(b)… a day not earlier than 2 years before that date.
(4) On a challenge being brought under subsection (1), the court shall grant decree of reduction or for such restoration of property to the company’s assets or other redress as may be appropriate; but the court shall not grant such a decree if the person seeking to uphold the alienation establishes —
(a) that immediately, or at any other time, after the alienation the company’s assets were greater than its liabilities, or
(b) that the alienation was made for adequate consideration, or
(c) that the alienation —
(i) was a birthday, Christmas or other conventional gift, or
(ii) was a gift made, for a charitable purpose, to person who is not an associate of the company,
which, having regard to all the circumstances, it was reasonable for the company to make….
(6) For the purposes of the foregoing provisions of this section, an alienation in implementation of a prior obligation is deemed to be one for which there was no consideration or no adequate consideration to the extent that the prior obligation was undertaken for no consideration or no adequate consideration”.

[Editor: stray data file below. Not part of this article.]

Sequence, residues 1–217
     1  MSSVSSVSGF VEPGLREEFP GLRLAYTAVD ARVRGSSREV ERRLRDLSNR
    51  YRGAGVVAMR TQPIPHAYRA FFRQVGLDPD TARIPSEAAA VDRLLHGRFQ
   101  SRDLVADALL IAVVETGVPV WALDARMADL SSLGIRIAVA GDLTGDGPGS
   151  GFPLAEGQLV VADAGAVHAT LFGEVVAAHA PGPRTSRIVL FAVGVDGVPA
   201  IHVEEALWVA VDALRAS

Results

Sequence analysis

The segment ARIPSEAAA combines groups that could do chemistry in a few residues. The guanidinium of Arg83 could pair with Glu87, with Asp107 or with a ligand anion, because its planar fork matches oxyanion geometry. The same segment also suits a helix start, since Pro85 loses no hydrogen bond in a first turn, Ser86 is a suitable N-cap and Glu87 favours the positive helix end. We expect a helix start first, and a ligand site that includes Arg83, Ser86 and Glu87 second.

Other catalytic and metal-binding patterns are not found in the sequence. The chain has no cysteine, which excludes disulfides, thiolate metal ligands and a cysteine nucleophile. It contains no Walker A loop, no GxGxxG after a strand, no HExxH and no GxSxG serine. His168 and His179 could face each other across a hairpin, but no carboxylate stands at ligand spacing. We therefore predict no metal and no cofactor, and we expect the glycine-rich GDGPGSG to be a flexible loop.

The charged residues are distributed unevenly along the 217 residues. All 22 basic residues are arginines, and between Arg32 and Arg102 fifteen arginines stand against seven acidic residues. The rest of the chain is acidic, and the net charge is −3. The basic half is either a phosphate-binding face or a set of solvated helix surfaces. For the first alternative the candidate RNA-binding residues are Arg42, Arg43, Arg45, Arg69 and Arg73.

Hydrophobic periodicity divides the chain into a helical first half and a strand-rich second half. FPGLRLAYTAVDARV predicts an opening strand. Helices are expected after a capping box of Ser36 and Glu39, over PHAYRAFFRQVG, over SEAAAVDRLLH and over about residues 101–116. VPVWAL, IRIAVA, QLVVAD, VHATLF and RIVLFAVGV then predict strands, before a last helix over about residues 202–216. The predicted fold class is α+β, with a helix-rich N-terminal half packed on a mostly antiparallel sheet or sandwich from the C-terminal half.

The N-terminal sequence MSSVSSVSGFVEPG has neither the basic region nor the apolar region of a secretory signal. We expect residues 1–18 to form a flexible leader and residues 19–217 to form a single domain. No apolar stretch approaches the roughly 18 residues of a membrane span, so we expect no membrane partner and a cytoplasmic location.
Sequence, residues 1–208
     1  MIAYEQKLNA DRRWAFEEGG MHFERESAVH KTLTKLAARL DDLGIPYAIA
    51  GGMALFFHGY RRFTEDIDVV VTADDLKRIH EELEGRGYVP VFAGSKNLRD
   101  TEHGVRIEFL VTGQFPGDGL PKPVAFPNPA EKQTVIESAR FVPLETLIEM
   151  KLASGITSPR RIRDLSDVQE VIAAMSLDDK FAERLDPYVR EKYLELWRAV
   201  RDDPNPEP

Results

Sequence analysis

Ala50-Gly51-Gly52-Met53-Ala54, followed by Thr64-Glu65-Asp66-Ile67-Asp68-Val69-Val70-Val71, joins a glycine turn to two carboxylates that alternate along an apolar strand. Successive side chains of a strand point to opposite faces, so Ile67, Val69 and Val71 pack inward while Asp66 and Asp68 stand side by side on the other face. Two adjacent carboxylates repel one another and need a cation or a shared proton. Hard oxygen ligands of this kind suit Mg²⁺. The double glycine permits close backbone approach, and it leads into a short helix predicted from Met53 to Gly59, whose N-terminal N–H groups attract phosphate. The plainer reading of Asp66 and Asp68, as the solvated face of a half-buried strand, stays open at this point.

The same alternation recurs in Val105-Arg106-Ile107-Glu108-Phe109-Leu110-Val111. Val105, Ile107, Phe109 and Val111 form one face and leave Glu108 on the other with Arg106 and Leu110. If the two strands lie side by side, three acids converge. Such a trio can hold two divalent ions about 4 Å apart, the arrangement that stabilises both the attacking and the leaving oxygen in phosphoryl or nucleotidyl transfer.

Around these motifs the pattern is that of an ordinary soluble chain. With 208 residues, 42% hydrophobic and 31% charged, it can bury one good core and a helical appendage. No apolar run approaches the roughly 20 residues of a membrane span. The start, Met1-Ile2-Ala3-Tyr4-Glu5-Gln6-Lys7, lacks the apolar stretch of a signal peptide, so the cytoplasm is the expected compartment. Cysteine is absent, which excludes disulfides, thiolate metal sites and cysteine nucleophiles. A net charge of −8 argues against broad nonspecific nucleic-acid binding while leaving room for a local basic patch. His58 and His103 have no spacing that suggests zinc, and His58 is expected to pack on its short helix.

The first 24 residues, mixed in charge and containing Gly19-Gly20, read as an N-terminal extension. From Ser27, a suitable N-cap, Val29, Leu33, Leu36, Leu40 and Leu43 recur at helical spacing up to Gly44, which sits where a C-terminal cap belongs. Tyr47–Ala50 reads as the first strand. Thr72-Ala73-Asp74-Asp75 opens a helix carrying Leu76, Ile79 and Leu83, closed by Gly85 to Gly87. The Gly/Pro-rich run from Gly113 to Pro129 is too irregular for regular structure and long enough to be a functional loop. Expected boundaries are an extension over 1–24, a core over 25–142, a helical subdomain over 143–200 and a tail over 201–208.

Thus any alienation made by a company in liquidation at a time not earlier than two years before the commencement of winding up is challengeable by the liquidator, and will be reduced unless the person to whom the alienation was made establishes one of the three defences in subsection (4). In the present case two particular aspects of the section were debated: firstly, whether the definition of “relevant day” in subsection (3) permits a liquidator to challenge an alienation that is only completed after the commencement of winding up, and, secondly, the meaning of the expression “adequate consideration” in subsection (4)(b) in the context of a cautionary obligation.